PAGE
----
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|🗳️ PRIMARY DEADLINE: Today is the last day to request a mail ballot for the May 16 primary. Request yours here. Then read Spotlight PA's complete guide to filling out and returning your mail ballot.|
|In today's edition: Unverified, political training, SWAT mistrial, threatened symbols, open disclosures, special money, and higher ed. marks.|
The AP reports that Twitter's overhaul of its verification system has made it harder to distinguish accounts belonging to actual election officials in Pennsylvania from random accounts with similar names.
Philadelphia's official @PhillyVotes account has applied for the gray Twitter checkmark given to official government accounts, but it still hadn't heard back with next week's pivotal primary rapidly approaching.
In Allegheny County, election officials opted to pay for Twitter Blue to be able to continue advertising on the platform — spokesperson Amie Downs said the county posts ads for elections and jobs — but anyone can buy a blue checkmark now, meaning the symbol is little safeguard.
Read the AP's full report: New Twitter rules expose election offices to spoof accounts in Pennsylvania and beyond.
THE CONTEXT: Jill Greene, voting and elections manager for the good-government group Common Cause Pennsylvania, said: "Because Twitter is dropping the ball on verification, the burden will fall on voters to double check that the information they are consuming and sharing is legitimate."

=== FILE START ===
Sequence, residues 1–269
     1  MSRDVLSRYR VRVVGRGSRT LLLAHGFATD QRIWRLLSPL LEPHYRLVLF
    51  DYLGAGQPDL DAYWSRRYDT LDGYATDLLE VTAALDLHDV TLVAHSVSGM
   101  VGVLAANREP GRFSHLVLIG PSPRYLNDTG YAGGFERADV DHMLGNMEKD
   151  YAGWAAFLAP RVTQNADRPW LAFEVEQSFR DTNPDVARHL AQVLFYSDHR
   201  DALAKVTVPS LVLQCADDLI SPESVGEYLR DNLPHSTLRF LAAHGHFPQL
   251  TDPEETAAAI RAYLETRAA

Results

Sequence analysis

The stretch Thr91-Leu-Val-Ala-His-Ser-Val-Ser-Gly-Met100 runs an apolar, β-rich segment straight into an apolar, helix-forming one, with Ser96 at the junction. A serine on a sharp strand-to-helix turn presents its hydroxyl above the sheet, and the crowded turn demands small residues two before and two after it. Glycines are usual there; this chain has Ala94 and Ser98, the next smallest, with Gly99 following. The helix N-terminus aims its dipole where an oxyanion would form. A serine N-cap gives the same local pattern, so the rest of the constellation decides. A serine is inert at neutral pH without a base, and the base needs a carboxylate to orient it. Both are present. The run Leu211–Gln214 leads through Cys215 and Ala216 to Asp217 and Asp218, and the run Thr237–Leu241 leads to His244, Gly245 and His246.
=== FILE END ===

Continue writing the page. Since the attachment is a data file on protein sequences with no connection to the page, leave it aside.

Pennsylvania's Department of State, which oversees elections and broad portions of statewide election infrastructure, has received a gray checkmark labeling its Twitter account a verified government account.
But Nick Custodio, spokesperson for Philadelphia City Commissioners, the board in charge of elections in the city and the owner of the @PhillyVotes handle, told the AP that if their account remains unverified, it will be easier to impersonate and harder to trust heading into Election Day.
|NOTABLE / QUOTABLE|
"As [our rector, Father David Zwifka] says, his job is to comfort the afflicted and afflict the comfortable."
—Jennifer Hackett at St. Luke's Episcopal Church in Lebanon, one of two local churches working to erase $1 million in medical debt for residents
|The view from the Duke Street Bridge overlooking the Swatara Creek in Dauphin County, via Robert N. Send us your photos by email, use #PAGems on Instagram, or tag us @spotlightpennsylvania.|
|TRAINING CAMP: Progressive groups and the Latino Victory Project are launching a two-day "training camp" program in Pennsylvania and other states ahead of the 2024 election. The goal? Teaching prospective Latino candidates the basics of running a successful political campaign. In Pennsylvania, Latino candidates seeking state office say they need more party support and financial backing.|
HUNG JURY: The trial of a former Philadelphia SWAT officer seen pepper-spraying protesters at point-blank range during George Floyd-inspired protests in June of 2020 has ended in a mistrial. Richard Nicoletti, 37, was charged with simple assault and reckless endangerment, but the jury could not reach a verdict after days of deliberations. It's unclear if prosecutors will try again.